Modigliani's Blue Eyed Woman

Modigliani's Blue Eyed Woman
Modigliani's Blue Eyed Woman

Amedeo Modiglianihas gone down in history for the many women he painted. And especially for his long series of reclining nude women, which give us the key to his adoration of the female body. A body shaped with a series of aesthetic keys, both in shape and color really unique, as we can see for example in Nude with a necklace.


Modigliani's Woman with Blue Eyes

For those paintings he painted many of his lovers, since among the virtues of this Italian artist was that of being a true conqueror. Instead, there was a woman with whom he fell madly in love and whom he painted countless times, but always dressed. That woman was Jeanne Hebutérne. And she is the girl he portrays in this 1918 work on display atMusée d'Art Moderne de la Villa de Paris


he had met her studying art at theColarossi Academy, where the girl as a young girl was trained to be a painter. In fact, we know some of her works, but when they met,Modiglianifell madly in love with the girl, and Jeanne was fascinated by this artist with a bohemian life and overwhelming personality.

The fact is that she was going to become a couple until death. She stayed with him despite her addiction to drink and drugs, and also despite the extreme poverty in which they lived, since he could not sell aframe. However, they loved each other so much that she even became pregnant with the artist. However, Modigliani's condition was rapidly deteriorating due to tuberculosis.

And on the same death bed, both of them continued to declare their love for each other, and legend has it that one of the painter's last acts before dying was to tie his hands with his beloved, and ask her to accompany you wherever you go. The fact is that Modigliani died that same night, and a few hours later, Jeanne, despite her advanced stage of pregnancy, jumped from a window to commit suicide.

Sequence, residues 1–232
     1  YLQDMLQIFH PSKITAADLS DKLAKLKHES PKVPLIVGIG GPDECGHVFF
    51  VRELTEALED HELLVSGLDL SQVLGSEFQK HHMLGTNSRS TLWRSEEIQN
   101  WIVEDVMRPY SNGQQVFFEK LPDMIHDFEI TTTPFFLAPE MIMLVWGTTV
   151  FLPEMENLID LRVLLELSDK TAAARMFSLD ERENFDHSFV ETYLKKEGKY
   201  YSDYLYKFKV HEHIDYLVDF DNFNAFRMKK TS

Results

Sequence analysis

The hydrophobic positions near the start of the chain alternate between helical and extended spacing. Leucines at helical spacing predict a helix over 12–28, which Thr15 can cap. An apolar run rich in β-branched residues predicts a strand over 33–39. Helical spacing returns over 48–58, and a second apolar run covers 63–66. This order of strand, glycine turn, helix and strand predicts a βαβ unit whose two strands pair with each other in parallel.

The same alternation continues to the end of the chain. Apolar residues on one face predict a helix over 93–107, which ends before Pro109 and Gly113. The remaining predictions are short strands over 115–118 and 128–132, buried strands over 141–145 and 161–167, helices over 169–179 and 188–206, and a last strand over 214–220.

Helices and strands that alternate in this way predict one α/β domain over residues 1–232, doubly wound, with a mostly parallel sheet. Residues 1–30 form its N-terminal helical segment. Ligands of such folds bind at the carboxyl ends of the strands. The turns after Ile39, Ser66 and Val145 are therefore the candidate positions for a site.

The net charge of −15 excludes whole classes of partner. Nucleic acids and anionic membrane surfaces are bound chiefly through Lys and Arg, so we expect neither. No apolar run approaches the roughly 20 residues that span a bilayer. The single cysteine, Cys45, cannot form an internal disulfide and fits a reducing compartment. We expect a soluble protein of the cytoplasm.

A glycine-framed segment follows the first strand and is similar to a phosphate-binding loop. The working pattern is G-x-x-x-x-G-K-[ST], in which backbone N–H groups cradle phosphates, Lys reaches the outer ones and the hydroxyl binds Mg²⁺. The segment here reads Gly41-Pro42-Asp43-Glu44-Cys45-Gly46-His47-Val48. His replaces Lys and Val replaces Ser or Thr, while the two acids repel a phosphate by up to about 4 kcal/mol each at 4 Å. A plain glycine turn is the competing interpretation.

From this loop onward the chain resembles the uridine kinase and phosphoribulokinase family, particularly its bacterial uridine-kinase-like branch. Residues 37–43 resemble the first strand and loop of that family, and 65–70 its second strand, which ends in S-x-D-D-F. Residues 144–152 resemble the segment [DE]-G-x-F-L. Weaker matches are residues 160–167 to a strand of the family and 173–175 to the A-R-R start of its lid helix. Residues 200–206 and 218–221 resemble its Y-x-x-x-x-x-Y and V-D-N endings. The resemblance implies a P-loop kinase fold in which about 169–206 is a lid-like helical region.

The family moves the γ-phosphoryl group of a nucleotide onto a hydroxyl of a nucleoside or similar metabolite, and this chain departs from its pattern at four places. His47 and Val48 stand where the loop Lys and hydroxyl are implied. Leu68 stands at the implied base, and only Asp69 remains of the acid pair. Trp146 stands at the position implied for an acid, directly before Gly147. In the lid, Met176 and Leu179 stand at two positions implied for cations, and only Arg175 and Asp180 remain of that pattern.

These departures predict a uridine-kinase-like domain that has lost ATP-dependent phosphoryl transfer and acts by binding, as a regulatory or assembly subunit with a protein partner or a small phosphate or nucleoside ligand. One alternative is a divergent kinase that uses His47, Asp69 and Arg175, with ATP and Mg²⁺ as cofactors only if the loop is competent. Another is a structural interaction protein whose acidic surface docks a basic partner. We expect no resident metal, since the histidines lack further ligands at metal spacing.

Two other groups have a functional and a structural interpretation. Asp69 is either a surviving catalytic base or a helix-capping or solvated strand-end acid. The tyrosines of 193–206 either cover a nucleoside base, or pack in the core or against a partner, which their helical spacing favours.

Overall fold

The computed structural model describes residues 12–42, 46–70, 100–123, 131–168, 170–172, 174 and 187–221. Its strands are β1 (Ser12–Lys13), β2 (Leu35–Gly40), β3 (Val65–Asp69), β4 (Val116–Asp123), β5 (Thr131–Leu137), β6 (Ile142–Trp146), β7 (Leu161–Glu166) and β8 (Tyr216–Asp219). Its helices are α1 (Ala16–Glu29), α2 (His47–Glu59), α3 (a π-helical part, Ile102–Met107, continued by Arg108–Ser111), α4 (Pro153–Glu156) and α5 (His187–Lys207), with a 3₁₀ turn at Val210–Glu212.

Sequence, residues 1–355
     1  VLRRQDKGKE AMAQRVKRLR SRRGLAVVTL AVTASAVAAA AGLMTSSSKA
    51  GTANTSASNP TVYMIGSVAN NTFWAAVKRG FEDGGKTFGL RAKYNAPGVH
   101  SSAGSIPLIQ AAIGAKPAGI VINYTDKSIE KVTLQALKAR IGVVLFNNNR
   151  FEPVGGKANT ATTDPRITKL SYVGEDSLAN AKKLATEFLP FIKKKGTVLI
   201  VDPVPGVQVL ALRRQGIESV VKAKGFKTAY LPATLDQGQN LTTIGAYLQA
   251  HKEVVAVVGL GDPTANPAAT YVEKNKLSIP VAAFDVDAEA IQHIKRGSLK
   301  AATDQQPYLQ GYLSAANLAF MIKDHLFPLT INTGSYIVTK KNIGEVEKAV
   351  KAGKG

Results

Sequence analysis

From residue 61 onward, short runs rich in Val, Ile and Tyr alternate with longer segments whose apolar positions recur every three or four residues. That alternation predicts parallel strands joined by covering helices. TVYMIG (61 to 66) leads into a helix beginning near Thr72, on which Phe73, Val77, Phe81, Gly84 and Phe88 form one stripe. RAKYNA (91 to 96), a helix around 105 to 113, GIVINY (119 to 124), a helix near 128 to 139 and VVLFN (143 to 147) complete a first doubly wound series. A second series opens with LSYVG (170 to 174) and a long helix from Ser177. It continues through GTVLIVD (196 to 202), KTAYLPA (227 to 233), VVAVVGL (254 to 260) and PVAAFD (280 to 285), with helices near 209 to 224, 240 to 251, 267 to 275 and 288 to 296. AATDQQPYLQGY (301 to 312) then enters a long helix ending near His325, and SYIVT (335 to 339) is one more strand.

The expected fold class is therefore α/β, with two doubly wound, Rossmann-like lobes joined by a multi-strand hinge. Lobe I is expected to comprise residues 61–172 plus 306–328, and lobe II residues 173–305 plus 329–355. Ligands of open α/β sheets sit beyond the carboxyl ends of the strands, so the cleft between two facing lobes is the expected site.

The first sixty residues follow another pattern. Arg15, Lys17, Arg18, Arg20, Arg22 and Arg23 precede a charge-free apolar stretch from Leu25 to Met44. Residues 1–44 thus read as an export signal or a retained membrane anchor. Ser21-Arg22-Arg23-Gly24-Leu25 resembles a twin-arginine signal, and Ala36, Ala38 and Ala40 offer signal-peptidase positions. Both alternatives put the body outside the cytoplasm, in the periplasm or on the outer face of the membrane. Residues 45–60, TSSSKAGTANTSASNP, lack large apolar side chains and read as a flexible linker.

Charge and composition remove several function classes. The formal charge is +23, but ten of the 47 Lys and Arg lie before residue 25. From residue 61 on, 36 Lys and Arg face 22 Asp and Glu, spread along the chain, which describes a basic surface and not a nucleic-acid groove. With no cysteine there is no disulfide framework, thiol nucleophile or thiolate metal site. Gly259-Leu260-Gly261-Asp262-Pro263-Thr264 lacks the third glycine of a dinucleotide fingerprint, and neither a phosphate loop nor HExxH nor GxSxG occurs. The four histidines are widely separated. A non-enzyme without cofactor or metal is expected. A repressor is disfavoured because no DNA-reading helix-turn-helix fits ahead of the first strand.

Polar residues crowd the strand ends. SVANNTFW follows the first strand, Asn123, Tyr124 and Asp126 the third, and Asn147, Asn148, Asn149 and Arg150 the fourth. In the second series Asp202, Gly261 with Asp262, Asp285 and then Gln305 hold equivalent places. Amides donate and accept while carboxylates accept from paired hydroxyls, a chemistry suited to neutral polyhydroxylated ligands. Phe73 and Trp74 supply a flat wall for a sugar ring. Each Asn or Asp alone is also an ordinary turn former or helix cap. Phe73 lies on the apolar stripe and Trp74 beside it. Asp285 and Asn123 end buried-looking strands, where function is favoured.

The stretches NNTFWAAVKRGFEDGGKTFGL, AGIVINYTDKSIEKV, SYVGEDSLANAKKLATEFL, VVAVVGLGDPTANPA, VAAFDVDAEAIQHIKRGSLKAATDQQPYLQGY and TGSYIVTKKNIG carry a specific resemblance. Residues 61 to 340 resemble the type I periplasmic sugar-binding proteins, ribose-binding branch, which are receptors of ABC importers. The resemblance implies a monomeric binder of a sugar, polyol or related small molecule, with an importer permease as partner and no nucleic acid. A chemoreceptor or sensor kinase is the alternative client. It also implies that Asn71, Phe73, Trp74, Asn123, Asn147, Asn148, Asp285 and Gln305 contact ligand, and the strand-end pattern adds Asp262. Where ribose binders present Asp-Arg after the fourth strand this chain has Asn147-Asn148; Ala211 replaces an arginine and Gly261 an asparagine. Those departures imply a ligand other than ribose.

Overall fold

After that, the painter was buried in the Pere Lachaise cemetery in Paris and she was buried in a farther one. But her remains, years later, were permanently transferred to her beloved, and today they remain in the same grave.

The truth is that it was a relationship as passionate as it was cursed, but luckily for us, we still have the many portraits he made of her, where we see a woman who may not be excessively beautiful, but who Modigliani thought was perfect, and above all for their canons of beauty, dominated by stylized bodies, long necks and almond-shaped faces. We see all this in this woman, in whom her eyes are also powerfully striking, capable of attracting anyone's gaze and also possessing an undeniable expressive potential, and that she paints them without pupils.

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